Federal immigration authorities confirmed on Thursday, that a 7-year-old girl who crossed the U.S.-Mexico border with her father last week died after being taken into the custody of the U.S. Border Patrol.
The Washington Post announced that the girl died of dehydration and shock over eight hours after she was detained by agents near Lordsburg, New Mexico. The girl was from Guatemala and was journeying with a group of 163 people who approached agents to turn themselves in on Dec. 6.
It’s unclear what happened to the girl during the eight hours before she began having seizures and was flown to an El Paso hospital.
Customs and Border Protection said in a statement, that the girl had not eaten or taken water in many days. The agency did not give The Associated Press with the statement it gave to the Post, even with repeated requests.
The Department of Homeland Security, in a Thursday night statement, showed its “sincerest condolences” to the family of the child and said Border Patrol agents “took every possible step to save the child’s life under the most trying of circumstances.”
The statement reads “As we have always said, traveling north illegally is extremely dangerous. Drug cartels, human smugglers and the elements pose deadly risks to anyone who comes across the border illegally, “Border Patrol always takes care of individuals in their custody and does everything in their power to keep them safe. Every year the Border Patrol saves hundreds of people who are overcome by the elements between our ports of entry.
“Unfortunately, despite our best efforts and the best efforts of the medical team treating the child, we were unable to stop this tragedy from occurring,” the statement went on “Once again, we are begging parents to not put themselves or their children at risk attempting to enter illegally. Please present yourselves at a port of entry and seek to enter legally and safely.
The girl’s death poses questions about whether border agents knew she was ill and if she was fed anything or given anything to drink during the eight-plus hours she was in custody.
Immigrants, attorneys and activists have long raised concerns with the conditions of Border Patrol holding cells. In Tucson, the current lawsuit claims holding cells are dirty, extremely cold and lacking basic necessities such as blankets. A judge in charge of that lawsuit has ordered the agency’s Tucson Sector, which patrols much of the Arizona-Mexico border, to give blankets and mats to sleep on and to continually turn over surveillance footage from inside the cells.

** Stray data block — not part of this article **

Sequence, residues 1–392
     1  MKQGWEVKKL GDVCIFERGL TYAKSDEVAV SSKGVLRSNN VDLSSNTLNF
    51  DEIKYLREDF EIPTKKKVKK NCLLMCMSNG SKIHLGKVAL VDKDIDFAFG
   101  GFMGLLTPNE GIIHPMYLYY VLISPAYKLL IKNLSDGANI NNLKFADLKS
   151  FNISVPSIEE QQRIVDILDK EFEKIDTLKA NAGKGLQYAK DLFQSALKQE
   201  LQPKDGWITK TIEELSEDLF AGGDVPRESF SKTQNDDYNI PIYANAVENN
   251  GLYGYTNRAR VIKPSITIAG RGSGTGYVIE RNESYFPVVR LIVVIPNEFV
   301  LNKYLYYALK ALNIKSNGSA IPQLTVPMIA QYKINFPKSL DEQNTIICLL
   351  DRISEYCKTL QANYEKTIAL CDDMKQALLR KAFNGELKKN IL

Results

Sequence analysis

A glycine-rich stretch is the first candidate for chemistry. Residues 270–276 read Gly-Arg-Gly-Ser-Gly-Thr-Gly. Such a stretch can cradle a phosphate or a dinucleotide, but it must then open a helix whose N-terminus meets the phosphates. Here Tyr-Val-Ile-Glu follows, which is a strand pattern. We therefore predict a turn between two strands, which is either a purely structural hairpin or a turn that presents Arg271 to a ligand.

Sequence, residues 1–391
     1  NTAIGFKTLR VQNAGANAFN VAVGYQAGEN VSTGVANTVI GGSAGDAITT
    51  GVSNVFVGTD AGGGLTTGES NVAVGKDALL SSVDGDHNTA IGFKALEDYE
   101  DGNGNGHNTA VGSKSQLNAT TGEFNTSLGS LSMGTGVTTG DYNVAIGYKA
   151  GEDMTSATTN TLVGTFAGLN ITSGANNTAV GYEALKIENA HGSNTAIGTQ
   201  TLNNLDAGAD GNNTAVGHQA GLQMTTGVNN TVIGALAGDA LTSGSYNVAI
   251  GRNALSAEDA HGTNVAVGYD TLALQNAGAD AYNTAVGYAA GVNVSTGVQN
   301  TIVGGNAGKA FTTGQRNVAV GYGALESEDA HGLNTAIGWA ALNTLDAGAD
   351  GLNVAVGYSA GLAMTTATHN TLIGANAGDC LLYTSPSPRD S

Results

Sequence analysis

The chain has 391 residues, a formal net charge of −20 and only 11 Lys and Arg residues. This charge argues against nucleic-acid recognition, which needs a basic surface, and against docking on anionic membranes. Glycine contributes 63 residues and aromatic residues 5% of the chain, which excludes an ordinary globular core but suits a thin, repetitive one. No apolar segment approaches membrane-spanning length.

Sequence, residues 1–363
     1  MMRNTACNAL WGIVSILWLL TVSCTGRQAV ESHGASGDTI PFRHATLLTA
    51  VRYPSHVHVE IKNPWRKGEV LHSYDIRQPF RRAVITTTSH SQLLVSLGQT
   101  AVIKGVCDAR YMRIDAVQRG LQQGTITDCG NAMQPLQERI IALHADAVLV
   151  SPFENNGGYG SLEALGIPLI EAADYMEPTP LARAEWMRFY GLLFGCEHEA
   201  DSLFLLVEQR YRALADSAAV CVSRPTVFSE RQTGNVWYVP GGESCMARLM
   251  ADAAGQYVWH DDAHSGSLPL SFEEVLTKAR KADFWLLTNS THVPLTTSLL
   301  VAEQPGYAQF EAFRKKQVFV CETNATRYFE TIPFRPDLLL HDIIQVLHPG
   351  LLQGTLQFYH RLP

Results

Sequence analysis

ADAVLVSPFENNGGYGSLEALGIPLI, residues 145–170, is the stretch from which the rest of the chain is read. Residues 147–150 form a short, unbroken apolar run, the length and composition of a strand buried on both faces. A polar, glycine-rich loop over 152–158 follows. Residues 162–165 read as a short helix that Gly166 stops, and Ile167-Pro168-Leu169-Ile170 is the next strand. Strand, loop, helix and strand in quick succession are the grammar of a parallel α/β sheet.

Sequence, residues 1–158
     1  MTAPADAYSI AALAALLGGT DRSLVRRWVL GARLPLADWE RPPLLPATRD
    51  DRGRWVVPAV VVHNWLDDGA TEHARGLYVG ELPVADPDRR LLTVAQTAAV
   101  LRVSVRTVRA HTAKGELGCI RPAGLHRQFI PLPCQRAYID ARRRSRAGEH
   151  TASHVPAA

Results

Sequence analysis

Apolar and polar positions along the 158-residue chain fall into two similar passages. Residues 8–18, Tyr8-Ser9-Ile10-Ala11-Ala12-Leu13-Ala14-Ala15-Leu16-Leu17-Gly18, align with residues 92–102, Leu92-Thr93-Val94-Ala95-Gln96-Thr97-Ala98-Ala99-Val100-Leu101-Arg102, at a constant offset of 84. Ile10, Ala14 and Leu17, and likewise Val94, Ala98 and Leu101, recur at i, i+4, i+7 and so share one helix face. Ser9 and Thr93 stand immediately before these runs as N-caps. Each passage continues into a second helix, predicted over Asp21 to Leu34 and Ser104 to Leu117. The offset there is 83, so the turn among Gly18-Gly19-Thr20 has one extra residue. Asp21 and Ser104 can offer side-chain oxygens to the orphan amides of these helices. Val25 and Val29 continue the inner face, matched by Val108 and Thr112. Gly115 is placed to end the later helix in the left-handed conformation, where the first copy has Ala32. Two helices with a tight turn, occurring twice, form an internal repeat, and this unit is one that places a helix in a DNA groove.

The Border Patrol has seen a growing trend of large groups of immigrants, many with young children, going up to agents and turning themselves in. Most are Central American and say they are escaping violence. They surrender in instead of trying to circumvent authorities, many with plans to apply for asylum.
Agents in Arizona see groups of over 100 people on a regular basis, sometimes along with infants and toddlers.
Arresting such groups poses logistical issues for agents who have to wait on transport vans that are equipped with baby seats to take them to processing facilities, some which are at least half hour north of the border.
The death of the 7-year-old comes after a toddler died in May immediately being released from an ICE family detention facility in Texas, and as the administration of Donald Trump tries to ban people from seeking asylum if they crossed the border unlawfully. A federal appeals court has temporarily blocked that ban, but the administration asked the U.S. Supreme Court to reinstate it Tuesday.
Advocacy manager for the ACLU Border Rights Center, Cynthia Pompa, said migrant deaths grew last year even as the number of border crossing dropped.
Pompa said “This tragedy represents the worst possible outcome when people, including children, are held in inhumane conditions. Lack of accountability, and a culture of cruelty within CBP have exacerbated policies that lead to migrant deaths,”.